Seven books by Sir Ranulph Fiennes

November 25, 2011

by Nimish Dubey

The world knows him as an intrepid adventurer, who last month became the oldest Briton to stand atop Mount Everest. But the 65-year-old Sir Ranulph Fiennes is also a fine author with a dry sense of humour and a narrative skill that matches his flair for adventure. So even as Sir Ranulph works his way down Mount Everest, here is a list of what we think are his seven best books. Of course, we are sure that the book he writes on his Everest ascent (his third attempt incidentally, after one was cut short by a heart attack), will be a bestseller too. But in the meantime, we think that every person who loves adventure would do well to invest in any or all of the following:

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Race to the Pole: The story of the historic and tragic race to the South Pole between Roald Amundsen and Captain Scott.

Mad, Bad and Dangerous to Know: The autobiography of the man himself, in his own words. We bet it will be updated, but while we are waiting, this one is definitely worth a read.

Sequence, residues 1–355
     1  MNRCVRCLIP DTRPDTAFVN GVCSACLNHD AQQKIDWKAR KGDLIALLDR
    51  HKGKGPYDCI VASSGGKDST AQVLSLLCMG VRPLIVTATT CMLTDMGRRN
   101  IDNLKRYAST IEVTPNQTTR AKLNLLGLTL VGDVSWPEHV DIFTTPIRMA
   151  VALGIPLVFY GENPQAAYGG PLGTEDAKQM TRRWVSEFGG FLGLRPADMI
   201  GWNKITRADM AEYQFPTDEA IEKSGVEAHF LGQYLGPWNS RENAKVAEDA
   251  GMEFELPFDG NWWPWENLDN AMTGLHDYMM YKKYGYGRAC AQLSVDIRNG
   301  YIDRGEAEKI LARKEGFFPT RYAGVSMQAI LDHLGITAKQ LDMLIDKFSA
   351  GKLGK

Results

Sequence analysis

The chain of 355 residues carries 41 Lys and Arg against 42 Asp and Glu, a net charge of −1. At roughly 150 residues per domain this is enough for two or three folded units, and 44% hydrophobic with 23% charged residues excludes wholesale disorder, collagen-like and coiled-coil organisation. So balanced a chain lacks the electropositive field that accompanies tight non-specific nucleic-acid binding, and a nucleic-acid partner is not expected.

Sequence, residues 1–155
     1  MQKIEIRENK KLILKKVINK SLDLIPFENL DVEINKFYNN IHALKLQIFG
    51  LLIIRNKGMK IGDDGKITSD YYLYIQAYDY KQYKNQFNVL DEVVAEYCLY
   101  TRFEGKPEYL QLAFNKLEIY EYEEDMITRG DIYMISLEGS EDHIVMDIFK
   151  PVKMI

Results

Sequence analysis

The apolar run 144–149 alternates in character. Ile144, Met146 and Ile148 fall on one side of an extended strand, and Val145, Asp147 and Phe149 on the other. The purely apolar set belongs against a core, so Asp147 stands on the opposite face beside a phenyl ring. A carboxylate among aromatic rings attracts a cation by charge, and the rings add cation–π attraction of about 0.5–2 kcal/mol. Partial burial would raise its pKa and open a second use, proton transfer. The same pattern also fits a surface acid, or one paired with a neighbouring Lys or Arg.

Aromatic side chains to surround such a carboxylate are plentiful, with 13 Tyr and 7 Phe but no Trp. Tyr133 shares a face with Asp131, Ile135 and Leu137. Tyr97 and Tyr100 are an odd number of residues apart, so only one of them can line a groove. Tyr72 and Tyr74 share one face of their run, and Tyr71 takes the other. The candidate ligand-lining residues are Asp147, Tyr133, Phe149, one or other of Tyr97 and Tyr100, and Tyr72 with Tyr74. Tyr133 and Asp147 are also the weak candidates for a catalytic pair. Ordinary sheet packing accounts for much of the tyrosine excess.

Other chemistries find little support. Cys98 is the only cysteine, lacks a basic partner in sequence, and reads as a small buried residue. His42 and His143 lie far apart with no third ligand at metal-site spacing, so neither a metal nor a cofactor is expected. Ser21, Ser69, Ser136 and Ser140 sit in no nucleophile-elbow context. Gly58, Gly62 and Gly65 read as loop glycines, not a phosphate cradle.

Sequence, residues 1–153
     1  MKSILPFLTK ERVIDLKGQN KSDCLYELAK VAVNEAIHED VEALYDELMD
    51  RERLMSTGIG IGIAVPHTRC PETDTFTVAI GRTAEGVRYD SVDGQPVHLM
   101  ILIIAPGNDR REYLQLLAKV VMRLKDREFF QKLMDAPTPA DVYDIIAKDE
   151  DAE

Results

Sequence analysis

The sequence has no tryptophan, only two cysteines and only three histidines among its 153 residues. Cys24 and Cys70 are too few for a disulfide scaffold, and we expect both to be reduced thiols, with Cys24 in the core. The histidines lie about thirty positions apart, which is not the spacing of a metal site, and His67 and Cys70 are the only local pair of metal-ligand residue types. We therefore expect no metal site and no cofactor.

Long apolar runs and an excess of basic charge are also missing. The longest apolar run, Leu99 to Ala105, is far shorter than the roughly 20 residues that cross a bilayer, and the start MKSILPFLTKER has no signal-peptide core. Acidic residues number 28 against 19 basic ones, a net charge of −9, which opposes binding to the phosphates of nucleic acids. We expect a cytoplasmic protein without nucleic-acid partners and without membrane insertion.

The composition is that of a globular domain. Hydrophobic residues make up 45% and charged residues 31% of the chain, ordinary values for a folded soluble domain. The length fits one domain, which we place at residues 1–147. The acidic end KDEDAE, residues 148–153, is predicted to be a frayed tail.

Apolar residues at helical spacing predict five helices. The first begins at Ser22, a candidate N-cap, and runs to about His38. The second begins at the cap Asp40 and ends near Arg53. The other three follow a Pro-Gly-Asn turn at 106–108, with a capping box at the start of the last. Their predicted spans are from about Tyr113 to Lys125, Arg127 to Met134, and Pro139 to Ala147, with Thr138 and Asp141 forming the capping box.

Hell on Ice: In 1976-77, a party attempted to reach the North Polar ice cap in freakish winter conditions. The books title says it all really.

Living Dangerously: Fiennes’ first autobiography, published in 1987, going all the way back to his childhood in South Africa. We are sure he did not know he would be writing another autobiography twenty years later!

To the Ends of the Earth: An account of the famous Transglobe expedition, all the way from Antarctica, via Africa to the Arctic. It reads almost as amazing as the expedition itself.

Mind Over Matter: The story of the longest unsupported crossing of the Antartic on foot by Fiennes and Stroud. A terrific book, not just for the journey but also about the changing relationships between the two men.

Beyond the Limits: A four to five month journey from Canada to the North Pole, alone, on foot, towing a sledge, in which Fiennes lost a third of his body weight. Insane? Determined? Ah, read all about it!

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